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It seems accepted among educated Westerners that the rationality of an action is a matter of means and ends, of what we want and whether what we do is going to bring that about.

That’s true even among people who consider themselves right-wingers, reactionaries, traditionalists and so on, and who in many ways really are so. I’ve complained about that tendency in Roger Scruton, and to my mind a recent discussion over at Bruce Charlton’s blog put it on display as well. It seemed impossible for many of those in the discussion to see the issue (contraception) from any other perspective. The problem was not that they thought consequences were relevant, but that they thought only consequences were relevant, and that raising other issues was simply nonsensical.

That ought to be a big problem for the participants in the discussion who are committed to anything like orthodox Christianity. For one thing, the view that acts and failures to act can only be judged rationally by reference to their factual this-worldly consequences abolishes the possibility of sacraments. At the very least it radically restricts the sacramental to a few anomalous situations in a world otherwise composed of a seamless network of material cause and effect, in which the significance of each event is wholly determined by its function in that network–whatever “significance” would mean on such an understanding.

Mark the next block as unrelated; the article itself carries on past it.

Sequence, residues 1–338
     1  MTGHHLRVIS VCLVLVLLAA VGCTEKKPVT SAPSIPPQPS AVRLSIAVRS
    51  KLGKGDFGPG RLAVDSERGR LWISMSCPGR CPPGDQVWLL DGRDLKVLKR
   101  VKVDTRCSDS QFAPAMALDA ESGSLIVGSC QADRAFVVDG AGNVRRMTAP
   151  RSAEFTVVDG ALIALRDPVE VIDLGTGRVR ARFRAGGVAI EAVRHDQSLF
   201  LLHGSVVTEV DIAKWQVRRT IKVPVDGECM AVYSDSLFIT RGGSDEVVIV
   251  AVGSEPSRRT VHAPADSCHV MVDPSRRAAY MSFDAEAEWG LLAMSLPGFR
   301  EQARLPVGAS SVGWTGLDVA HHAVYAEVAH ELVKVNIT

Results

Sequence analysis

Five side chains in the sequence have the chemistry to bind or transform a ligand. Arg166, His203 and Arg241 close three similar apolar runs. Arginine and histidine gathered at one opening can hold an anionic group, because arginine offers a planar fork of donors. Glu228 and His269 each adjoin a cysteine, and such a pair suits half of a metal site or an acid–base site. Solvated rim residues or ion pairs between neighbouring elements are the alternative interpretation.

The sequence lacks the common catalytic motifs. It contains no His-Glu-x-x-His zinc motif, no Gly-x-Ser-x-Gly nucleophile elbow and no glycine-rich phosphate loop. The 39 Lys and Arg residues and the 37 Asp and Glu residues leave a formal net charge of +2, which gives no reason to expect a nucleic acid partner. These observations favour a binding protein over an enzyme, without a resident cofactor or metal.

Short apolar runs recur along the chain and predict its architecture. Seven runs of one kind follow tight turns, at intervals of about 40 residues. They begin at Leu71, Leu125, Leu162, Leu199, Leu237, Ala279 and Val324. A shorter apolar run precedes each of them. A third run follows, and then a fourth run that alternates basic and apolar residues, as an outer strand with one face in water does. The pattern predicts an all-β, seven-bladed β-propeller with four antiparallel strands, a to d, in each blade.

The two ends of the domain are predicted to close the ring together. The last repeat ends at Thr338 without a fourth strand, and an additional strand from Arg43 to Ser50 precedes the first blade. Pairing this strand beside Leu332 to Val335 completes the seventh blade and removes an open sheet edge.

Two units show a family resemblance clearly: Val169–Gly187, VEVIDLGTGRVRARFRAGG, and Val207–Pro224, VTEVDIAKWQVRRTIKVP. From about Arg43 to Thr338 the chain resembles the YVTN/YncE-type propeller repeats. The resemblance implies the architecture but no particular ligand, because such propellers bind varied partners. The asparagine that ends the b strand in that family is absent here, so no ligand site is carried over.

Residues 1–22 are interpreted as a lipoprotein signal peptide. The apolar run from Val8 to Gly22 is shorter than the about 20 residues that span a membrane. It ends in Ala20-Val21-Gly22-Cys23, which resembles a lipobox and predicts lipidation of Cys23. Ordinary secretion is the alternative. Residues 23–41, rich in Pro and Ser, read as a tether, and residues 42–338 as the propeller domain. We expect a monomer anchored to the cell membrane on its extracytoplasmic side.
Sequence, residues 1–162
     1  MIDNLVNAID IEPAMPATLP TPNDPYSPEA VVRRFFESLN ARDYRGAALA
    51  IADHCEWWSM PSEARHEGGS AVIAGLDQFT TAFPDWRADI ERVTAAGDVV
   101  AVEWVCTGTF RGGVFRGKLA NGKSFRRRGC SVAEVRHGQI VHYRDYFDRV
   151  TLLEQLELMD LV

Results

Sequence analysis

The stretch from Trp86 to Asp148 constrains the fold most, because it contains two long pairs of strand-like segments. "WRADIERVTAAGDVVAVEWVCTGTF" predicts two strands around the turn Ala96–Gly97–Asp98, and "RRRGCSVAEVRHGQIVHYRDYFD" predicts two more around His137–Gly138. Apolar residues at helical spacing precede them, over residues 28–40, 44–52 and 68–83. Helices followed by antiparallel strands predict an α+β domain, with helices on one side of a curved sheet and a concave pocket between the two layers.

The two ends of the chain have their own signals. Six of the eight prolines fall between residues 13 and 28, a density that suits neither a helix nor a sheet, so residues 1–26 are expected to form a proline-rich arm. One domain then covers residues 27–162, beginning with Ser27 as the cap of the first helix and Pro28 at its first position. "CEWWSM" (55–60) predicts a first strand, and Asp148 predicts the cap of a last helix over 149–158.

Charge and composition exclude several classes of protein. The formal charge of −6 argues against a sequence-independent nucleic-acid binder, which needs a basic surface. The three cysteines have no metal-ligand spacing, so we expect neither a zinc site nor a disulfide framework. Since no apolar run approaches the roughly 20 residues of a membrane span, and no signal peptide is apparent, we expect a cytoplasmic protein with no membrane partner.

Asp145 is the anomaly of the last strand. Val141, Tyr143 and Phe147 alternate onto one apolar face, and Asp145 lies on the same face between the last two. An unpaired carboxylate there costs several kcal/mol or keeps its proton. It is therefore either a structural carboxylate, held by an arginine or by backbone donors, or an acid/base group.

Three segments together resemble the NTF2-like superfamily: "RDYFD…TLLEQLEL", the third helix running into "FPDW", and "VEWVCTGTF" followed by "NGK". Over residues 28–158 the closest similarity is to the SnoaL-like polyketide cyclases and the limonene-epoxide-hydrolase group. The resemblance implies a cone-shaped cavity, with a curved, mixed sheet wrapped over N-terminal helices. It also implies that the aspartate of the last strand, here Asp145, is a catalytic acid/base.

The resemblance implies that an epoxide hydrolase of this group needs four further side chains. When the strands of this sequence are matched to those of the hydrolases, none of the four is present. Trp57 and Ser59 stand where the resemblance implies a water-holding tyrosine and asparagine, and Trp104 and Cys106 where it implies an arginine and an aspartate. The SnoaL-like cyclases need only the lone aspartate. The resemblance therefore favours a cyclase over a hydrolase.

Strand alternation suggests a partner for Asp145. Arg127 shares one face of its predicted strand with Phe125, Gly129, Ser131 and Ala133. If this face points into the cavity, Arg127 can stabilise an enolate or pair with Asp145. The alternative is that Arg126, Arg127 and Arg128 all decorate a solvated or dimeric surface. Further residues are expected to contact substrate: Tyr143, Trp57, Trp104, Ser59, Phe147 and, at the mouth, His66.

The view also raises other puzzling questions. For example: suppose John and Mary fancy each other but don’t want a lifetime commitment to each other or to children. They might choose to go their separate ways, or they might choose to get it on, have a baby, and when the project no longer engages them go their separate ways and kill the kid painlessly and without his awareness. As to factual this-worldly consequences, on the face of it the second is the better choice. The ultimate consequences are the same–John and Mary are separate, and there’s no kid–but there have been distinct benefits: they’ve explored life a little, given their feelings for each other physical expression, and given someone a life that he would not otherwise have had–a short life, but a life nonetheless.

So we’re back to the Scruton problem—a view that limits practical reason to means-ends rationality makes traditionalism and indeed the most ordinary human decency irrational. All of which takes us back farther to the big claim I’ve been making for a couple of years, that the problem with the modern world is the reduction of reason to technology—not the recognition of technology as rational, but the assumption that it exhausts rationality. A traditionalist movement will get nowhere, I think, without overcoming that problem.